Amanda Iturraran already was in big trouble – headed to jail for eight months after pleading guilty last year to embezzling from a Stockton fabric and crafts store.
But recently the 23-year-old Stockton woman fell into deeper trouble while asking a judge to delay the date she would report to jail. The judge agreed to let Iturraran finish her first term at University of the Pacific’s prestigious School of Pharmacy.
The problem, authorities say, is that she gave the judge fake documents to prove she was a student. Iturraran – who came to court dressed in a Pacific sweat shirt – is not a student there at all, San Joaquin County Deputy District Attorney Stephen Taylor said.
She now faces a new felony count for presenting false documents as evidence. She could end up in state prison for more than three years if she is found guilty.
“What this case illustrates is just how difficult it is to deal with embezzlers,” Taylor said. “Their behavior is what we like to call crazy.”
The Stockton Police Department has obtained a warrant for Iturraran’s arrest.
The case began with her job at Viking Sewing Gallery, which is inside Jo-Ann’s Fabric & Crafts in north Stockton. Iturraran’s employers accused her of embezzling $49,119 over several months from the nightly bank deposits.
She pleaded guilty to one count of grand theft of personal property, according to court records. But when it came time for San Joaquin County Superior Court Judge Franklin Stephenson to sentence her, Iturraran told the judge that jail would interrupt the start to her rigorous three-year pharmacy studies at Pacific.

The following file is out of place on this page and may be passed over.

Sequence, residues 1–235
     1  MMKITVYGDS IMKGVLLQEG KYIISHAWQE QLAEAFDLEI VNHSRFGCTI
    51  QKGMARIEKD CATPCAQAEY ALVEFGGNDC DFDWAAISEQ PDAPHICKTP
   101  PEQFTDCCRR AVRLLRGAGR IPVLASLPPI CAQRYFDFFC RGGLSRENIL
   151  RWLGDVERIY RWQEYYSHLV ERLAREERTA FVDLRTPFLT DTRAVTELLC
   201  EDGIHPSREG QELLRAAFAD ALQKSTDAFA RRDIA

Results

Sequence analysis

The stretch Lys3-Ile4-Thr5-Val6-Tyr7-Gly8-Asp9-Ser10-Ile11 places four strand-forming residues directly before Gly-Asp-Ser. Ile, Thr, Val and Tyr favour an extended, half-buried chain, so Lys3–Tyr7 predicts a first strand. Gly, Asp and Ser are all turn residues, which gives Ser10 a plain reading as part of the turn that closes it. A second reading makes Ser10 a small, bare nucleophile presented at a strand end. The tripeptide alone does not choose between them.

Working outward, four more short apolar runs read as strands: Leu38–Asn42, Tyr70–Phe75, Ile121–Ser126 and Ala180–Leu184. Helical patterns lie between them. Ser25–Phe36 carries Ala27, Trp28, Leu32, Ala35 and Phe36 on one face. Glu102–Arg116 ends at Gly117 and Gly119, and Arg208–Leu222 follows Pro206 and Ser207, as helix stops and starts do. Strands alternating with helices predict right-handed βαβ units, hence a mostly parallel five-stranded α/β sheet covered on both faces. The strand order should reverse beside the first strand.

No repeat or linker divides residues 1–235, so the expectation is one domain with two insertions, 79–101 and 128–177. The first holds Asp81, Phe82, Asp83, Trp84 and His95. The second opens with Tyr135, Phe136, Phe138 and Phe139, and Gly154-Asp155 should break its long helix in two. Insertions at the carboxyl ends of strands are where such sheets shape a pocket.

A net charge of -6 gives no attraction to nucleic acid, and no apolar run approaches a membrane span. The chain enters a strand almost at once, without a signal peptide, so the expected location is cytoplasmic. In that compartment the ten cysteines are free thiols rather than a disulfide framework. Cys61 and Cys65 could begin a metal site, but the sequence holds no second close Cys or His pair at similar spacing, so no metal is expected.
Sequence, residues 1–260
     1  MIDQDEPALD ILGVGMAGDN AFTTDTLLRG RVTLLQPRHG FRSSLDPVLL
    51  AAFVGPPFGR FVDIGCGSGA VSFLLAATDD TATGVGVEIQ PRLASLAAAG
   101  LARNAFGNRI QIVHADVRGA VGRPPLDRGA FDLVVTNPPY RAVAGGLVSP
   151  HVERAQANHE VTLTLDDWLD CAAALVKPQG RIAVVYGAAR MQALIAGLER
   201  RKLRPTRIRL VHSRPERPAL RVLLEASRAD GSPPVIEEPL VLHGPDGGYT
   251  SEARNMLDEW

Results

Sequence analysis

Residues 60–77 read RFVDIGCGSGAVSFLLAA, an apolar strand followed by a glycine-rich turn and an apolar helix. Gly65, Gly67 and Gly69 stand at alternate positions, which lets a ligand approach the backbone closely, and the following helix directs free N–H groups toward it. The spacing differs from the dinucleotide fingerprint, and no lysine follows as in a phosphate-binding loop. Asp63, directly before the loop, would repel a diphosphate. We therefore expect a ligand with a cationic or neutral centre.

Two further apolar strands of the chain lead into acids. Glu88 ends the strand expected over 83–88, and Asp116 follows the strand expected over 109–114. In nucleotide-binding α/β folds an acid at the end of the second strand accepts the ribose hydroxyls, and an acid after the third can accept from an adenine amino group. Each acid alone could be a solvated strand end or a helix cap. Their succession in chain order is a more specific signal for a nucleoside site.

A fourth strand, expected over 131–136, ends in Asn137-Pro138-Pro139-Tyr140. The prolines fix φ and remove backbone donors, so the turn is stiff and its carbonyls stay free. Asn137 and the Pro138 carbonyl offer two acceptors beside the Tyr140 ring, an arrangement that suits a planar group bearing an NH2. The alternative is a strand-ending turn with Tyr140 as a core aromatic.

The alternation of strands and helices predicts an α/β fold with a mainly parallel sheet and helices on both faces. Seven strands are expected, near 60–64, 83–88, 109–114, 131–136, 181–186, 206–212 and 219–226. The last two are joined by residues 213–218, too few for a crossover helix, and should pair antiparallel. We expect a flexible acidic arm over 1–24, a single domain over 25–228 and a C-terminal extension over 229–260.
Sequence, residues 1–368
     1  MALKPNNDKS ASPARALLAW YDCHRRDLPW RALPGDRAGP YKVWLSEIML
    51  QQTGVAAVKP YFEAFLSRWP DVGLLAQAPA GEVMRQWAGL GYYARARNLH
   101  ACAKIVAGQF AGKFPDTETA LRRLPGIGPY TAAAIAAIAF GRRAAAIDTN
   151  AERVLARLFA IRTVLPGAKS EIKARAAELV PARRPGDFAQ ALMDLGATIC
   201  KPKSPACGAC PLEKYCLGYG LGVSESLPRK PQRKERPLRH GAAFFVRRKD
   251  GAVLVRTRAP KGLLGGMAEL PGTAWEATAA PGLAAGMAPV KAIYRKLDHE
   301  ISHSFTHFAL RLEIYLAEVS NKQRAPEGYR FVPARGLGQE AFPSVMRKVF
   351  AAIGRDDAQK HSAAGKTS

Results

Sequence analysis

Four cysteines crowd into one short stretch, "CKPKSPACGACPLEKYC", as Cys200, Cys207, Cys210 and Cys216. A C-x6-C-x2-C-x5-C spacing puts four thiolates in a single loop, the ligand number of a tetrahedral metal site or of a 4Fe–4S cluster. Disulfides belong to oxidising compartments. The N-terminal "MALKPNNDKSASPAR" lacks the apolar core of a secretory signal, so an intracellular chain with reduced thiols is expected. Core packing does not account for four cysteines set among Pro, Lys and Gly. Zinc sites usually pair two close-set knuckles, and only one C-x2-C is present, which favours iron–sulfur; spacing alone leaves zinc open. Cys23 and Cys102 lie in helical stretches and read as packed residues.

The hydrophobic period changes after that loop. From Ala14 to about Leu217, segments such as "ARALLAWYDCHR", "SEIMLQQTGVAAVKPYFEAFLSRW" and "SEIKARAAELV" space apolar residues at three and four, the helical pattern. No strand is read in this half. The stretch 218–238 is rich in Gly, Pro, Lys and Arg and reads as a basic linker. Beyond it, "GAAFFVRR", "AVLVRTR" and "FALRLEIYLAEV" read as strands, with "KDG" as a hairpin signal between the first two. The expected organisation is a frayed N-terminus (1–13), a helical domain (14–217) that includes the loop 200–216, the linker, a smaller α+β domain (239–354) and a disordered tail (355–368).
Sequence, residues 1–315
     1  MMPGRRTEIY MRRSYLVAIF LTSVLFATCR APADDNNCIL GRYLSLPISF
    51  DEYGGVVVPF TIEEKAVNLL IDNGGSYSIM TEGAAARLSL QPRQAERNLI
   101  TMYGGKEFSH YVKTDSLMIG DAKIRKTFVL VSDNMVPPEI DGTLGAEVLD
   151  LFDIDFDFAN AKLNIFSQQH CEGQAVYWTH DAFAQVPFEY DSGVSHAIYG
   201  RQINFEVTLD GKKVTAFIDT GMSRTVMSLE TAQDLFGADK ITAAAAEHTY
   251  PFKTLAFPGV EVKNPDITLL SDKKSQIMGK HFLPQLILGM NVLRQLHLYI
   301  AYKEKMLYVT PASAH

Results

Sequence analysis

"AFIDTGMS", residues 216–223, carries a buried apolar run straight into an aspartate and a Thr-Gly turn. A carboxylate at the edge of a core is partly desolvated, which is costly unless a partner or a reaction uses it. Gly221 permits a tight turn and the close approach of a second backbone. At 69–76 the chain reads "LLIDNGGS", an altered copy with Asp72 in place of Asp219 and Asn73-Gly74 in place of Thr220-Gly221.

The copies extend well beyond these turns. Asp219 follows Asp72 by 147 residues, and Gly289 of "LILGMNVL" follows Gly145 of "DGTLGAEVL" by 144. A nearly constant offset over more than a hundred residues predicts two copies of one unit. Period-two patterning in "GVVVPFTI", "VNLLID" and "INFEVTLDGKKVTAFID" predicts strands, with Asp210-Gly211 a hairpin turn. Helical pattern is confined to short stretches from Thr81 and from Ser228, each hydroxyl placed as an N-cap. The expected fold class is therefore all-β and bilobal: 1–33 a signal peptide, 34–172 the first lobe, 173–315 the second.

As proof, she gave the judge university transcripts and a brief letter of endorsement written by Dr. Gregg LaRue, a supposed Pacific professor. Both are apparent forgeries, officials said. The letter jumped out because it was not written on university letterhead stationary, officials said.
Stockton Police Detective Kenneth Southwick followed up with Pacific officials and found that Pacific does not have a Professor LaRue, and Iturraran is not enrolled there.
Southwick reported that he confronted Iturraran with the false documents. She told him that she had attended Pacific but got kicked out. She now attends Kensington College, based in Santa Anna, which provides online courses, Iturraran told Southwick.
She added that she did not know why she told the judge she attended Pacific and not Kensington, according to court papers.
Taylor said Iturraran’s behavior is all too typical of defendants like those whom he has previously prosecuted for embezzlement.
“She was headed into custody and she didn’t like it,” Taylor said. “What do you expect when you take all this money – traffic school?”
Scott Smith/Stockton Record